How to Use a Micronta Multimeter

Updated April 17, 2017

If you are a do-it-yourself kind of person, you know that performing your own home repairs can save you a lot of money in the long run. If you are doing your own electrical work in your home, you will need a multimeter to help you identify what wires are active and how much power they are using. The Micronta multimeter is one model that you can use in your home that features a digital display for quick reading.

Set the function dial on the multimeter to the setting of the electrical current you wish to read. If you set it to "Volts," the end result will be displayed in volts, while "Ohms" can be used to read the final result in ohms. Volts will be used most of the time, but ohms can be used to get a more accurate reading.

Press the "AC/DC" button to select the type of current that you want to test. AC is the type used in the U.S. and any electronic device that will be used there and is represented by an "AC" logo. DC is more popular in Europe and Asia and electronic systems and will be represented by a "-" symbol.

Touch the red probe to the positive lead of the circuit you want to test once you have selected the settings. Carefully touch the black probe from the multimeter to the negative lead. Do not mix up this step as doing so could lead to an incorrect reading or damage the circuit.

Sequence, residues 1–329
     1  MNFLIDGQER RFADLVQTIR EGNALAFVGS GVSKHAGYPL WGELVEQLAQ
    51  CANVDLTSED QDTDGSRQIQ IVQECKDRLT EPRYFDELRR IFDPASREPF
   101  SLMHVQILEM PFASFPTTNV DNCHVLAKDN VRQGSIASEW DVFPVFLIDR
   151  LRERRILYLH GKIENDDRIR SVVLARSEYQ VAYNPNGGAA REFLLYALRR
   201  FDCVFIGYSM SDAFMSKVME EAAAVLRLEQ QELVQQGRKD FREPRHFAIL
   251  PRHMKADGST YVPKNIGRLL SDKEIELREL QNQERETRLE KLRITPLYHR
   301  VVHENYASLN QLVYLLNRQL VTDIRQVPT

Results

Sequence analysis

Wait for the power output to show up on the display. The number may change in the first few seconds the circuit is connected, but should eventually stop on a specific number. If you see a "-" before the number, you have selected the wrong current type, or have used the leads incorrectly.


Do not attempt to measure a circuit that holds more than 400 volts as this will shock you. When you measure voltage in a high-voltage circuit, do not try to position both probes at once.

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About the Author

Chris Waller began writing in 2004. Chris has written for the "Fulton Sun" and eHow, focusing on technology and sports. Chris has won multiple awards for his writing including a second place award in the Missouri Press Association's Better Newspaper Contest. Chris earned Bachelor of Arts degrees in journalism and English from Truman State University.